`or implemented. These constellations range from tens to
`hundreds of satellites. According to some estimates, the
`number of projected satellite launches in the neXt ten years
`alone Will double the total number of satellites launched in
`the ?rst forty years of space access. As a result of this
`activity, the capacity of eXisting launch facilities and launch
`vehicle construction facilities Will be tested. It is apparent
`that ef?cient and loWer cost operation of launch vehicles and
`launch facilities Will be demanded.
`Existing launch vehicles typically include one or more
`stages Which function to boost a payload aboard the launch
`vehicle into space. Such stages are generally disposable.
`More speci?cally, When stages of launch vehicles, such as a
`?rst stage, are no longer needed, the stages are separated
`from the upper stage, if any, and the payload interconnected
`thereto and are alloWed to fall back toWards the ground or a
`body of Water. If any portion of such a stage is reusable at
`all, substantial reconstruction is generally required. The
`disposable nature of launch vehicle stages can be an eXpen
`Reusable spacecraft and stage systems have been pro
`posed or implemented for some time. For eXample, the
`shuttles of the United States space shuttle ?eet are reusable
`after re-entry and controlled landing upon inspection and
`some refurbishment. HoWever, in order to achieve the
`velocities necessary for orbital insertion, the shuttles must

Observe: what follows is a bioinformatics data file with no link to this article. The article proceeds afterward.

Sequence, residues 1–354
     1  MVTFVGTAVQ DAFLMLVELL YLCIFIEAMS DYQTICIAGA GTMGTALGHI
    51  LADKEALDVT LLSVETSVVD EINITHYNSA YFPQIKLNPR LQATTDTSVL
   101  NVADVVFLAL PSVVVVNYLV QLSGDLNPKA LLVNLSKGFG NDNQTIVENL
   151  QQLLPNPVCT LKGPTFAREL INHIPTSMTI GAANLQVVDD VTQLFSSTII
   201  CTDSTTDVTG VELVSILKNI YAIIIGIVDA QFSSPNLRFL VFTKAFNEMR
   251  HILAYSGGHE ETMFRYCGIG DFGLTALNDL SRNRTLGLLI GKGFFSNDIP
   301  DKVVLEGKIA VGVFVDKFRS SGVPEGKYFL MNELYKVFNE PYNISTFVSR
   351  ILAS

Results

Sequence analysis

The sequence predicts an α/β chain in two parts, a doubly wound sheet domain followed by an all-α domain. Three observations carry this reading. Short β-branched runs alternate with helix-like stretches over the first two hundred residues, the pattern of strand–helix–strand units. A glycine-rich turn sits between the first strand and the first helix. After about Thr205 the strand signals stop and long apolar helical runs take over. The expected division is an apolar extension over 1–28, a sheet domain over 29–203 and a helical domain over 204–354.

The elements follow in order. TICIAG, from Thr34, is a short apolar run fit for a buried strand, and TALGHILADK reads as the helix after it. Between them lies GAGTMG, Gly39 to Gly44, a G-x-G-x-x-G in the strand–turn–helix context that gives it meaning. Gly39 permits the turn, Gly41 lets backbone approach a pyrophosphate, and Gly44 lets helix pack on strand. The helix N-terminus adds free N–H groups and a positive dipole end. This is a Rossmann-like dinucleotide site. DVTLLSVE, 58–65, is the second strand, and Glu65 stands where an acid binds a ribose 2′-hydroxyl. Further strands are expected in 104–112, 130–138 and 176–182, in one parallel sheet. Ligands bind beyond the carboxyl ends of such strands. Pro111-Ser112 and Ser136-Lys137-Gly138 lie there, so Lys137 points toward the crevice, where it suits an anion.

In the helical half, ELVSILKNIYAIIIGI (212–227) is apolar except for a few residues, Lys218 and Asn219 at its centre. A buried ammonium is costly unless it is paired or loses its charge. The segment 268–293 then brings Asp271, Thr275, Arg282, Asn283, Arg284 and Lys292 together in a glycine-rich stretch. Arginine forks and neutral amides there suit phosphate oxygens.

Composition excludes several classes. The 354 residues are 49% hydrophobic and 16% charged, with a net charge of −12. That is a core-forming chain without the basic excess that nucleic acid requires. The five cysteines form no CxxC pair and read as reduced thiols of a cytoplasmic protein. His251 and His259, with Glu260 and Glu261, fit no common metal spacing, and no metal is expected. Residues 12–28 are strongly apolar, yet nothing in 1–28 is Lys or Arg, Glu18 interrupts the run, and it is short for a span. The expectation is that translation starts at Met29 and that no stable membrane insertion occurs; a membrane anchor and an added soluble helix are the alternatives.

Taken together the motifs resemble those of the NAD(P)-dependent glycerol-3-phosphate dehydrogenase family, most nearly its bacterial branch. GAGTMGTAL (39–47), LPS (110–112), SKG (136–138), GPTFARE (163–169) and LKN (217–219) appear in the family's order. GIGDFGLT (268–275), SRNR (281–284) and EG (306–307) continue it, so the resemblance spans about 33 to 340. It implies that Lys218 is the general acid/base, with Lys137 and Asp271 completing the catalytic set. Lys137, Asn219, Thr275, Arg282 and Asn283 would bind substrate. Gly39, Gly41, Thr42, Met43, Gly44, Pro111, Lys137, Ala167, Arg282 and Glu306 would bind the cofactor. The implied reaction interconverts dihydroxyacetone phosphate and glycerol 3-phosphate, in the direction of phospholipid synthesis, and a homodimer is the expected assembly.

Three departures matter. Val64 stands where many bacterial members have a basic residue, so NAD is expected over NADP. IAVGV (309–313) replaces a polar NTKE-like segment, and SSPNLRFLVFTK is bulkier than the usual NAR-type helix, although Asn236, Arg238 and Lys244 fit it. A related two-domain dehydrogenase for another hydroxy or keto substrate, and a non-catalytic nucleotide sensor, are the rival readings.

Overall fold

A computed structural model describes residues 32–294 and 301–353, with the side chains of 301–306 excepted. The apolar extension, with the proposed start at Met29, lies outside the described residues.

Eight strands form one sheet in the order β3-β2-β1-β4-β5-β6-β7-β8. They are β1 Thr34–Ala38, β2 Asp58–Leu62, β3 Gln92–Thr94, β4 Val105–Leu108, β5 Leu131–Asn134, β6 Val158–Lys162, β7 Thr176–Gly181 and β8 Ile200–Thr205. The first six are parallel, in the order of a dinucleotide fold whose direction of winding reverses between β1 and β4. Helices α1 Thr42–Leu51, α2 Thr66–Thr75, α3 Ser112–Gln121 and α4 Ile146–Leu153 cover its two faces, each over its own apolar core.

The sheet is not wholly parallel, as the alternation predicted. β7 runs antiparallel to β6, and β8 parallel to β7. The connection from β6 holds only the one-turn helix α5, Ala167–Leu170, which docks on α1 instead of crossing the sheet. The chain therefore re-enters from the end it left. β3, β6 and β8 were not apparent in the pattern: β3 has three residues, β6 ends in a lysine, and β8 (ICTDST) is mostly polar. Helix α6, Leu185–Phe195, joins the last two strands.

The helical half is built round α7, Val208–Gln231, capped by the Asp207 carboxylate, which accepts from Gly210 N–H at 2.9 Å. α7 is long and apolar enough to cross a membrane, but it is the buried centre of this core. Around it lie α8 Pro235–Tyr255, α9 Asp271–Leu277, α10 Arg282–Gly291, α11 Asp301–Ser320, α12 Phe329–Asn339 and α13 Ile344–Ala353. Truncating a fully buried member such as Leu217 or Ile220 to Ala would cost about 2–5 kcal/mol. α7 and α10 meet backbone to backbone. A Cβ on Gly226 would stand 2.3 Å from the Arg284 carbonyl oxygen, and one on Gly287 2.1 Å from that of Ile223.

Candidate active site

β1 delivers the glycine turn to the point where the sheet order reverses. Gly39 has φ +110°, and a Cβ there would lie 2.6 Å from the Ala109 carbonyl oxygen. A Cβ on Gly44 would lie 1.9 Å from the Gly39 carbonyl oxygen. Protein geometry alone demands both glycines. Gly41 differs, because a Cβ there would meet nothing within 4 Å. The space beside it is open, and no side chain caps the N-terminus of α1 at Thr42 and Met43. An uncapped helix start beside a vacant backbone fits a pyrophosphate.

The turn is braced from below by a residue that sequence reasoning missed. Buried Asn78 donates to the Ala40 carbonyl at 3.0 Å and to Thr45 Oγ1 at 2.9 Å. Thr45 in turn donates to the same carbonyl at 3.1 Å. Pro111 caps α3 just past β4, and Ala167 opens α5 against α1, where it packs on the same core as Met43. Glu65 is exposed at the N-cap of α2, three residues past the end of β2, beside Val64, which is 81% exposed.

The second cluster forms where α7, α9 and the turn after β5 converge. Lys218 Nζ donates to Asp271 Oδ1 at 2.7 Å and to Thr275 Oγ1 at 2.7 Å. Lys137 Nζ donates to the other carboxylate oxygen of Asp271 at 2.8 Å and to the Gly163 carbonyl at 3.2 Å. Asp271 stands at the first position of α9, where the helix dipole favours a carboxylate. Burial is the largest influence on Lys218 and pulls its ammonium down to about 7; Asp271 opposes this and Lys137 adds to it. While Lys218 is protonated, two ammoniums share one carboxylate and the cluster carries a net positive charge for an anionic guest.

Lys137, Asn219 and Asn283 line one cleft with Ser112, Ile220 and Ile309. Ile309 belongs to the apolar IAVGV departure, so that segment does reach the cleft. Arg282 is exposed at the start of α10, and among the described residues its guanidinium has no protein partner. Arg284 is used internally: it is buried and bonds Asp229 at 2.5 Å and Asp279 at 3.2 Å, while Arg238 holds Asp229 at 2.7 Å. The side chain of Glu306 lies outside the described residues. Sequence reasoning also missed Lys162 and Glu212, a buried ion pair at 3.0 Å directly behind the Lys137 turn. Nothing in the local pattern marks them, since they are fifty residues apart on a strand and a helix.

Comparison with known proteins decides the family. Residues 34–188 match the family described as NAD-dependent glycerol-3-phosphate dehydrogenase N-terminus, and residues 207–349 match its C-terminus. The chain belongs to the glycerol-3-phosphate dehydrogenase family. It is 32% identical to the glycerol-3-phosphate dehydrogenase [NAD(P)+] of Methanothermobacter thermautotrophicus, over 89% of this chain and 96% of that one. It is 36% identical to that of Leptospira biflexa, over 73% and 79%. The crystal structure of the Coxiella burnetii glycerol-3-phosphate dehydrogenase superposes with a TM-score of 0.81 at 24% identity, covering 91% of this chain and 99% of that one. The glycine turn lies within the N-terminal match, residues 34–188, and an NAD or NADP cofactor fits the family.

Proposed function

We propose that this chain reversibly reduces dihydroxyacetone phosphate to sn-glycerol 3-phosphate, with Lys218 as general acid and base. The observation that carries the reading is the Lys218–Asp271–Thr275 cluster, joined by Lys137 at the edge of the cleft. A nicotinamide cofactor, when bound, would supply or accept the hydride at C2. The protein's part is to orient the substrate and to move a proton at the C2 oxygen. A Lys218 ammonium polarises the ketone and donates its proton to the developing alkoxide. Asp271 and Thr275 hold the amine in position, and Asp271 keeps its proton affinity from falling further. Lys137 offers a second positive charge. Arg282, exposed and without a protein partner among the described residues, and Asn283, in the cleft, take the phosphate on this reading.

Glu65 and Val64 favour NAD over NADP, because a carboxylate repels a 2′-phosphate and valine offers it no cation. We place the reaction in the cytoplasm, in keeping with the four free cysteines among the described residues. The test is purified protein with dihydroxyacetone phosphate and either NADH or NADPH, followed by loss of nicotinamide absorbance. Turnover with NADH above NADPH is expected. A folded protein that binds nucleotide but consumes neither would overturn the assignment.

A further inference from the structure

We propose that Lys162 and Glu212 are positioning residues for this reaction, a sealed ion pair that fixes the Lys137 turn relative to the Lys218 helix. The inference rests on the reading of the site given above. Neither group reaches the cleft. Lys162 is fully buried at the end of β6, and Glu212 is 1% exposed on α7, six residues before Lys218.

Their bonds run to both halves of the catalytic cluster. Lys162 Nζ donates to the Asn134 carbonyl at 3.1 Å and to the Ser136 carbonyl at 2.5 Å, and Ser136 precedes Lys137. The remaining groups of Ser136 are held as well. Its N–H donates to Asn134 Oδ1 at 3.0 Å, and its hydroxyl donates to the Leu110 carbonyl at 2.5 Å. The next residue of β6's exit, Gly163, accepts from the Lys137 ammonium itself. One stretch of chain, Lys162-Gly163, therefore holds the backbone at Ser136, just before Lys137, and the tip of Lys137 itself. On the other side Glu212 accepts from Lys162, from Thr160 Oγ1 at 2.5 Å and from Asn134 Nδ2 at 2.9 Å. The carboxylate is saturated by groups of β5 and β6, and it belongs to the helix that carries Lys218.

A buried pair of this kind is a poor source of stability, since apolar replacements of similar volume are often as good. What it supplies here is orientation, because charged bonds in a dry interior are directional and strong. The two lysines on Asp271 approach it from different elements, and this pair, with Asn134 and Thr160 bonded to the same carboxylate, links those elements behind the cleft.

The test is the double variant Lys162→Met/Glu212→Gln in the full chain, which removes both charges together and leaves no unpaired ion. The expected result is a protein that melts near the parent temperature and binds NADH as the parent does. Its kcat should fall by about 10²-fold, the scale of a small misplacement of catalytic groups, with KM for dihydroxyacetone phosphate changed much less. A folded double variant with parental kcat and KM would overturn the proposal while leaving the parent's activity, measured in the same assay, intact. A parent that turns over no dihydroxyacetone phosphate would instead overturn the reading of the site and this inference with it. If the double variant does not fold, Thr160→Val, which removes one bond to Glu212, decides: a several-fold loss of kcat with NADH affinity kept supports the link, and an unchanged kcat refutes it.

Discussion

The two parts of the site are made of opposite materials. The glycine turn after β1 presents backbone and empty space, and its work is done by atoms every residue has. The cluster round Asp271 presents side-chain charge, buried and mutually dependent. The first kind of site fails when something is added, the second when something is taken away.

`utiliZe strap-on booster engines that are jettisoned during the
`launch process at considerable eXpense. Some eXisting or
`proposed systems are intended to permit recovery of launch
`vehicle stages such as by employing parachutes to soften
`splash doWn or landing. HoWever, such systems entail a risk
`of signi?cant damage, require substantial reconstruction of
`the stage after recovery and/or have achieved little or no
`commercial acceptance. Other proposed systems have con
`templated the use of Wings or other aerodynamic elements
`for retrieving boosters or stages. HoWever, such systems
`may require substantial structural enhancement in connec
`tion With certain stage/tank structures and, in any event, it is
`apparent that such proposed systems have generally not
`achieved commercial acceptance.
`The present invention is directed to a launch vehicle stage
`adapted for controlled aerodynamic descent back to a recov
`ery area such as a speci?ed landing area and an associated
`method of use. The invention makes use of stable stage
`structure, such as composite or aluminum isogrid
`construction, to support ?ight elements With minimal added
`mass. Through controlled descent, the stage can be recov
`ered With minimal damage, potentially alloWing for reuse
`With only routine refurbishment rather than full reconstruc
`tion. Moreover, the stage can be returned close to the launch
`site to shorten turn-around times betWeen ?ights. In this
`manner, overall launch costs may be reduced and the capac
`ity of launch facilities may be enhanced. Moreover, eXisting
`launch vehicle construction and handling resources can be
`freed for neW launch vehicle construction.
`According to one aspect of the present invention, a launch
`vehicle stage is provided With control surfaces for controlled
`aerodynamic descent. The launch vehicle stage is used to
`propel a payload system, such as a shuttle satellite and/or
`other space vehicle, toWards an upper atmosphere or space
`trajectory or orbit. The launch vehicle stage includes: a
`booster system such as a solid or liquid phase rocket booster;
`a number of control surfaces structurally interconnected to
`the booster system; and a separation system for selectively
`separating the launch vehicle stage from the payload system.
`The booster is preferably structurally stable. That is, the
`booster is preferably constructed such that its outer skin